## A Christmas Carol

I've been looking for this version of "A Christmas Carol" for years. I remember seeing it as a kid on our old black and white TV. It seemed scary at back then; perhaps that's one of the reasons I remember it. According to IMDB, it won an Oscar for "Best Short Subject, Animated Films." It has been unavailable for quite some time, but now anyone can watch it on Google Video. Enjoy!

## Incentive vs. Penalty

Greg Mankiw posts a little something on the equivalence of the government fining someone $1000 and the government giving a$1000 tax rebate to everyone except that one person. What he doesn't mention is something I have thought for a long time, i.e. that the Federal government can and does use a similar technique to overstep the limits of its authority under the Constitution. If, for example, the Feds want the drinking age raised to 24, they run into constitutional trouble with legislation that simply fines states that don't comply. But if they threaten to withhold highway funds for non-compliance, then somehow this is perfectly fine. Isn't taxing everyone, but then funding only to those in compliance effectively the same thing as a fine?

## Religion in the Presidential Campaign

The right-wing blogosphere is abuzz today with talk of the damage that the focus on religion is doing to the Republican presidential campaign. I've even seen the term "political suicide" come up. I couldn't agree more with Charles Krauthammer, in his piece "Redundance on Religion."

I find the way these candidates are wearing their religion on their sleeves distasteful. Now they seem to be in a fight to "out-Christian" each other. I think that religious faith is a positive aspect of a candidate, but religious tolerance is a "litmus test" issue to me. Further, I think that if a presidential candidate believes that the Earth is a few thousand years old, or does not believe that natural forces have in some way shaped life on Earth, then his scientific ignorance makes him unqualified for the office. That means you, Mr. Huckabee.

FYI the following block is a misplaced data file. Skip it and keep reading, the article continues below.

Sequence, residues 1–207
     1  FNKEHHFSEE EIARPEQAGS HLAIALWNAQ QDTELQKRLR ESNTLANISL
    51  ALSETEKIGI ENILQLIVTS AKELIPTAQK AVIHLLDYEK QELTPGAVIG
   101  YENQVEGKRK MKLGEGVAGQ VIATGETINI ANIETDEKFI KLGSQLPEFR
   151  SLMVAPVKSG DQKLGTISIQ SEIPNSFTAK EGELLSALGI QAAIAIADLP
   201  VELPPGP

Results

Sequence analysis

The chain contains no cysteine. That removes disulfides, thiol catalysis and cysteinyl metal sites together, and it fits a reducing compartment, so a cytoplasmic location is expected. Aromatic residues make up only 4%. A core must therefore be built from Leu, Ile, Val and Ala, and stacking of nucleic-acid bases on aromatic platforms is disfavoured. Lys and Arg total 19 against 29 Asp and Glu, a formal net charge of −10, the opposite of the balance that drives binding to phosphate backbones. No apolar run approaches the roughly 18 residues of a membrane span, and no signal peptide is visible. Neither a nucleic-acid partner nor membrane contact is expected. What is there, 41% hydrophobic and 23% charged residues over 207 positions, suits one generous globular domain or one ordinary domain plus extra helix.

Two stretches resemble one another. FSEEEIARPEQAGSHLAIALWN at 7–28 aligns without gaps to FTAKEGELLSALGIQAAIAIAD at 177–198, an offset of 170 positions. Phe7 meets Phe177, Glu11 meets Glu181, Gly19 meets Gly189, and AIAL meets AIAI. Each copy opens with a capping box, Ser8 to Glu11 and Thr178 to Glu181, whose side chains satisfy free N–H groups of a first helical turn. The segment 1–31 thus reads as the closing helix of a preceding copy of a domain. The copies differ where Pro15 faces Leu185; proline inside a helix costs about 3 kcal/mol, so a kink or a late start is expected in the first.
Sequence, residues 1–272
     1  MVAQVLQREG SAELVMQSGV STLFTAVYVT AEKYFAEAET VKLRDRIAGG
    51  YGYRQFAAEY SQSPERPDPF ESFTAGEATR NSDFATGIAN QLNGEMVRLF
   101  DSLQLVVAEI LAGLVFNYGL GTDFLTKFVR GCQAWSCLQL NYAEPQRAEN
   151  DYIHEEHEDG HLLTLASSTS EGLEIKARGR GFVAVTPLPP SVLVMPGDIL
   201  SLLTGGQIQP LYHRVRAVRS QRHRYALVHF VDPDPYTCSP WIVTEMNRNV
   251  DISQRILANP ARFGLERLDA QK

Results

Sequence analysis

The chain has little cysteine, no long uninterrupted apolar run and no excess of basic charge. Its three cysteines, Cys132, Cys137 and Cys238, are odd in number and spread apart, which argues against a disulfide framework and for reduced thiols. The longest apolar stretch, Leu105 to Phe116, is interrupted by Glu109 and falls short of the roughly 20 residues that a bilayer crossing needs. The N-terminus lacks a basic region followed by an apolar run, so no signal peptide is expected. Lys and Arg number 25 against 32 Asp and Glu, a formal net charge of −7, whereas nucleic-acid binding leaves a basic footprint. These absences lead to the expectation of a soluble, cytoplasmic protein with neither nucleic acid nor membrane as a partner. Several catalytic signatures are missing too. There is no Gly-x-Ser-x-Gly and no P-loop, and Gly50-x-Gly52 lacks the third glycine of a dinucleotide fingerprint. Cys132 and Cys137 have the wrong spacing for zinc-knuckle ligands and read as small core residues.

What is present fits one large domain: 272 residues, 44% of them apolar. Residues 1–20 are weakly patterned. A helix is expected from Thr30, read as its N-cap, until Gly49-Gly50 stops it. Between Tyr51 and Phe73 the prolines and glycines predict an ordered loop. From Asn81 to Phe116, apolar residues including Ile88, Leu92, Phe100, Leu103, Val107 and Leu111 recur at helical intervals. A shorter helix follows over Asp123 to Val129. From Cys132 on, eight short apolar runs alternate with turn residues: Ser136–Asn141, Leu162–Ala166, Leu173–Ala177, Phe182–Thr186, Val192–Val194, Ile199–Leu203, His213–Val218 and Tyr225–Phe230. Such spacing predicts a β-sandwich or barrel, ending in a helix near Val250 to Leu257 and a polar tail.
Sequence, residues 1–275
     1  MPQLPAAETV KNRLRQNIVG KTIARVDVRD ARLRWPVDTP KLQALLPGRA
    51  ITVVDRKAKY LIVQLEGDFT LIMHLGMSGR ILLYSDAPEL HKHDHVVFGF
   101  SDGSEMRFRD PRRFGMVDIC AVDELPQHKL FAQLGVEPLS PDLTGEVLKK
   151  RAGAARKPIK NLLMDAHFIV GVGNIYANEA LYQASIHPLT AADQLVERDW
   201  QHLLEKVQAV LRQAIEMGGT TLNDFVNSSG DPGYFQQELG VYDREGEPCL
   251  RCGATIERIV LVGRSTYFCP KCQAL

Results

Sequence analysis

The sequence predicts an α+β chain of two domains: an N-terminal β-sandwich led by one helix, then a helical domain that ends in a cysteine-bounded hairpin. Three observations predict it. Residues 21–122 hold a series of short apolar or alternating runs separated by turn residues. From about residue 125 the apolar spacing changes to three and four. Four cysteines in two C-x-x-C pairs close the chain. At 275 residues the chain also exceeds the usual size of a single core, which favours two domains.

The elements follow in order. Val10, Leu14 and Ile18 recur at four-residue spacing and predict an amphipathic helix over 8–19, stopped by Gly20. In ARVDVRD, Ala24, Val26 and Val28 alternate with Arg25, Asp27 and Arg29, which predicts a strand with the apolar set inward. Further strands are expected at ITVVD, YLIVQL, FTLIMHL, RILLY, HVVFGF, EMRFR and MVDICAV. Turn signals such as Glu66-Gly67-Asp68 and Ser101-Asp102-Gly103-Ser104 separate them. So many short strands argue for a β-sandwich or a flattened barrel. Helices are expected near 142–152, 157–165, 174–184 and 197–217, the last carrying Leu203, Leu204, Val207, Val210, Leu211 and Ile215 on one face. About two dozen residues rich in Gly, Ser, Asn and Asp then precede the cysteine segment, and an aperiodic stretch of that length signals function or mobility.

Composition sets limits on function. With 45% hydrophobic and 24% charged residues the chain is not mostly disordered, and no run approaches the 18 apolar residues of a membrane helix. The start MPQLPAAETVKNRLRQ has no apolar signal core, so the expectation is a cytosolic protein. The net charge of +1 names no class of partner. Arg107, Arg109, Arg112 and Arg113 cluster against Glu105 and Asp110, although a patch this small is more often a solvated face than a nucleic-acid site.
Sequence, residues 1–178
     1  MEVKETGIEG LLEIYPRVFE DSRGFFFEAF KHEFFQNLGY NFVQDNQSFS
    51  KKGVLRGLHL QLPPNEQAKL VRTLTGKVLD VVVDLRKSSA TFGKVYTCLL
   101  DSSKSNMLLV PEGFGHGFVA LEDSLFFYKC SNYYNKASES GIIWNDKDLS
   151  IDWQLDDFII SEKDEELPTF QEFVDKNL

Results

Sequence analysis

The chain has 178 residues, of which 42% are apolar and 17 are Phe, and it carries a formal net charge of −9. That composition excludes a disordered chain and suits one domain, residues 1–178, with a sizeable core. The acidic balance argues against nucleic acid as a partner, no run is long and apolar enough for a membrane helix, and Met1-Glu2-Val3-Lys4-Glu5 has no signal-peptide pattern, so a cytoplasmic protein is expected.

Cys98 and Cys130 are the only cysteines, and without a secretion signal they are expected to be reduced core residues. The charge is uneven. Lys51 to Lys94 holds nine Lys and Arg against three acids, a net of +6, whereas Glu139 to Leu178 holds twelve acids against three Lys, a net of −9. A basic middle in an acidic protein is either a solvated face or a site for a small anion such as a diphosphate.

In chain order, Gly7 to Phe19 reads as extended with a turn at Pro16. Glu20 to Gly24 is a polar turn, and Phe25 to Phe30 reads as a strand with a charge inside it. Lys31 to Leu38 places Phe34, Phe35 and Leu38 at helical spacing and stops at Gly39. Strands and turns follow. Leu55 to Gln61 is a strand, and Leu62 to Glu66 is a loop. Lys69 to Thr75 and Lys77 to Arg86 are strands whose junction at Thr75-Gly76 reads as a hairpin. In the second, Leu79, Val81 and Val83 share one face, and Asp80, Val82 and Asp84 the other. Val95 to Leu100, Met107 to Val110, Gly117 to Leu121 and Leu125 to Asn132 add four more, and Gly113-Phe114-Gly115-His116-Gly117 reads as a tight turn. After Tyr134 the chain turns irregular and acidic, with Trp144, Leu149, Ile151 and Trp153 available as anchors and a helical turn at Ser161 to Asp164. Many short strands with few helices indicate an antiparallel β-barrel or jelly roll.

Huckabee's surge has the potential to be every bit as damaging to the GOP as Dean's was to the Dems last time around. I originally liked Romney. Now I find the campaign focus on religion driving me more and more into the Guiliani camp.

## War on Science

Mixing of science and politics has been in the news a lot lately. Usually, the Bush Administration gets knocked in particular for its position on stem cell research (c.f. the so-called "Republican War on Science", see also this article in the Volokh Conspiracy for a very nice critique.) Why is it that the Left, and Tom Harkin in particular, are not criticized for their undying support of alternative medicine? And by "support" here I mean direct federal funding. The budget for the NIH's National Center for Complementary and Alternative Medicine is \$121,465,000. I tend to agree with this guy.

## Housing Bailout

Kudos to Michelle Malkin for telling like it is on the proposed mortgage bailout. Read the comments too. Housing prices are finally starting to come down here in the Boston area, to the point where my wife and I can consider buying. Now speculators are demanding the government step in to protect their investment, aka gamble. Like it does by bailing out people who build houses on the beach in hurricane zones, the government seems intent on rewarding reckless behavior and punishing the fiscally responsible. And I have no sympathy for lenders here either. If they made risky loans to people who couldn't afford them, that's the bed they've made. Let them lie in it.

Update: Via Instapundit, Going Under In A Lexus.